Report: ESPN/Fox to split MLS television rights

Steven Bisig-US PRESSWIRE

Ives Garlicep and Jonathan Tannenwald are reporting that NBC Sports will not continue as an MLS broadcast partner after 2014, with the old guard of ESPN and Fox Sports taking over the contract.

It's been known for some time that MLS has already begun negotiations for their new television contracts as the current ones expire at the end of the 2014 season. Ives Garlicep and Jonathan Tannenwald are reporting that NBC Sports will not continue as an MLS broadcast partner, with the old guard of ESPN and Fox Sports taking over after 2014.

If Tannenwald seems a bit tense, it's understandable as it seems he's been sitting on the story since Christmas as was asked to keep it quiet. To then see a report cropping up somewhere else can't feel great. However for our means the corroborating reports makes this fairly close to gospel.

The speculation immediately, including by Ives, was that poor ratings kept NBC from going further in negotiations. I've long argued that live sports event programming is valued by cable networks simply because it has to be watched live, and specific ratings aren't scrutinized the way they are in primetime network programming.

In Fox's case, they went toe to toe with NBC over the EPL and lost after winning the battle with ESPN for the World Cup. Plans went forward in creating a simple multi-sport cable network, but with Champions League an irregular event Fox needed MLS's regular programming to promote the Cup coverage in the US.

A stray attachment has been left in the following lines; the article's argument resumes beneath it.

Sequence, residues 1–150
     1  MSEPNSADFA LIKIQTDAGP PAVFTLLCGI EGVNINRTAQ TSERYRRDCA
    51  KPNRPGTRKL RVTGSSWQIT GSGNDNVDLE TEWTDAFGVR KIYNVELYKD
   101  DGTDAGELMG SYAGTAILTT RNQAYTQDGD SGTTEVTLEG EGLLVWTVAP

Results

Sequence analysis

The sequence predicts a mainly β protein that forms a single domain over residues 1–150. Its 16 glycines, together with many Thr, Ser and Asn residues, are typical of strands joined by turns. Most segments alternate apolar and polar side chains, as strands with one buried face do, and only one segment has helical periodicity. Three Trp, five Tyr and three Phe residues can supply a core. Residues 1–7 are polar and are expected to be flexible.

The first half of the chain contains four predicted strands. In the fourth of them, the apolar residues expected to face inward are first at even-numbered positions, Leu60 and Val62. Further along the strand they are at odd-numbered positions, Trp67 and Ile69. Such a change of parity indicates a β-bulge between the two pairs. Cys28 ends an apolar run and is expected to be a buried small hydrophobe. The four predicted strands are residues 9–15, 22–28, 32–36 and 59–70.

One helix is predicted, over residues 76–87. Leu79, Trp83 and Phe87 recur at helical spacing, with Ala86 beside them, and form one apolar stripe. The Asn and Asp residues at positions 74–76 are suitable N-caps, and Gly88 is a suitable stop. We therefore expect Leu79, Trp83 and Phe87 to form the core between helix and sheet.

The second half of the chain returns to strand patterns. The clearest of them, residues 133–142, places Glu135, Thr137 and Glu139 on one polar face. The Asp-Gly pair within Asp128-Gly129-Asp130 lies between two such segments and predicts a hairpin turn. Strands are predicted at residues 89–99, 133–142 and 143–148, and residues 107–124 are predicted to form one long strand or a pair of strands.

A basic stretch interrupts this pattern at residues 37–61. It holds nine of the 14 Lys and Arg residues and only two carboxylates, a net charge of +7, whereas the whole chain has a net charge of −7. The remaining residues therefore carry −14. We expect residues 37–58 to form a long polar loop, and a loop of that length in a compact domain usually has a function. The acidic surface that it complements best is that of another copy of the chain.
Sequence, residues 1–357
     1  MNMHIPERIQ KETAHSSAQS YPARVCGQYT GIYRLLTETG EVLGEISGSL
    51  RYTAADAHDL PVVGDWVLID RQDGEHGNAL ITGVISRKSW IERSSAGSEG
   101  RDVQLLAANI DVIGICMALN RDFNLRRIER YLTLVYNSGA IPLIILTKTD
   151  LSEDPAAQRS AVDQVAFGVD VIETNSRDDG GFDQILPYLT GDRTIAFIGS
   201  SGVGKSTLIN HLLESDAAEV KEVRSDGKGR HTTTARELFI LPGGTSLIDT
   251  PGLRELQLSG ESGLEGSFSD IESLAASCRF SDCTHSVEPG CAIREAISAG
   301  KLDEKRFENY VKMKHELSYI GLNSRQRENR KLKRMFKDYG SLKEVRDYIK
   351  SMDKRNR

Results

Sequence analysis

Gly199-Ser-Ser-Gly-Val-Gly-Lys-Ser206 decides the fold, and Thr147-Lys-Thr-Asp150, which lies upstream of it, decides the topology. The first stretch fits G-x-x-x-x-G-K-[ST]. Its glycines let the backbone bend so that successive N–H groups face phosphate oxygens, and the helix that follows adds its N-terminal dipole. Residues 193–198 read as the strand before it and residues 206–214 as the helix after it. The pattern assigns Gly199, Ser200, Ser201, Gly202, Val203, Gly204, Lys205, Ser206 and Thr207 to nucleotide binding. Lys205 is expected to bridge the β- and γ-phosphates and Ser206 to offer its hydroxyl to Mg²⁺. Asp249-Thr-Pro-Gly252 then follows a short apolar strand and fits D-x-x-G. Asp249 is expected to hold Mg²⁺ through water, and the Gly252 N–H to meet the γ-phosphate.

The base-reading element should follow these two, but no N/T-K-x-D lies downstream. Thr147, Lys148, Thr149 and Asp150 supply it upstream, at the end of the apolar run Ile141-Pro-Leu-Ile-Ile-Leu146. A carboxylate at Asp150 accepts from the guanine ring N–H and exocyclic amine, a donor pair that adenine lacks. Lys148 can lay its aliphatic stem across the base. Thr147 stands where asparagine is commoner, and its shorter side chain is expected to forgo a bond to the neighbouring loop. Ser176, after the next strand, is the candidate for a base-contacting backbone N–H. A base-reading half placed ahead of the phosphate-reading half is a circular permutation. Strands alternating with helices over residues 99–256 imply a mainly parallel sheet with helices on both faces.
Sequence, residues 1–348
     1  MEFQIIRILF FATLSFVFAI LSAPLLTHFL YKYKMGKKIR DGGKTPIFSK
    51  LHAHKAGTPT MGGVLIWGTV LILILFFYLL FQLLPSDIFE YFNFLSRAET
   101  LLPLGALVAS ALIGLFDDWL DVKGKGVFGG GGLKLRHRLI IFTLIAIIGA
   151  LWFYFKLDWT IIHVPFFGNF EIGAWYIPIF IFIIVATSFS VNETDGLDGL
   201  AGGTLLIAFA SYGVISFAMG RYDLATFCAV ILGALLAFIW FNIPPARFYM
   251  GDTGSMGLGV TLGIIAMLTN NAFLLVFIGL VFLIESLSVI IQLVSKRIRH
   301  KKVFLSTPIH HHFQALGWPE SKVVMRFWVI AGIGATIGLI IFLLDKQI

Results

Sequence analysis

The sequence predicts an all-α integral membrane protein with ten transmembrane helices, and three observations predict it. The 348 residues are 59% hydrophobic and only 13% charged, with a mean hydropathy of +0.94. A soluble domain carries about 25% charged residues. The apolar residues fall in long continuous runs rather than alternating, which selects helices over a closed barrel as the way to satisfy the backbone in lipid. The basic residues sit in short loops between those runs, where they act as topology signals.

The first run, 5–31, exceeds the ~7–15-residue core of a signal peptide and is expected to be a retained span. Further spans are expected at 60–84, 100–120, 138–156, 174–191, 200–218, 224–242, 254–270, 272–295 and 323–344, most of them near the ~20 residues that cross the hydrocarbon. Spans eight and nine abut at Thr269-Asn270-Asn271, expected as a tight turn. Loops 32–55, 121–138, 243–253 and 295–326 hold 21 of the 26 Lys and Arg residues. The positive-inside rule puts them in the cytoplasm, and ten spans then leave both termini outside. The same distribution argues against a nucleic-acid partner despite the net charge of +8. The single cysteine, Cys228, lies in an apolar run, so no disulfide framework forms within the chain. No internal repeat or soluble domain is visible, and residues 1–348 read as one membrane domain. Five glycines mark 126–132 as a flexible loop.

My personal issue with Fox has always been a phoned-in feel to the events covered. Where ESPN and NBC had and have an announce team on the ground in England, Fox simply simulcasted international feeds. The few times they had people call the event live, it was stunt casting as in Gus Johnson.

It's great that Fox was so intent on getting MLS they beat NBC to the punch with an offer MLS couldn't refuse, but I hope it's treated as more than a daytime talk show existing solely to promote the meatier offerings of the World Cup.

Update: Tannenwald published his report, which provides some clarification (link)

*The biggest change is that although ESPN remains the primary English language broadcaster, the secondary package is more of an equal than before. The biggest possible change would mean Fox getting some of the home US World Cup Qualifiers, which is the big fish in this grab.

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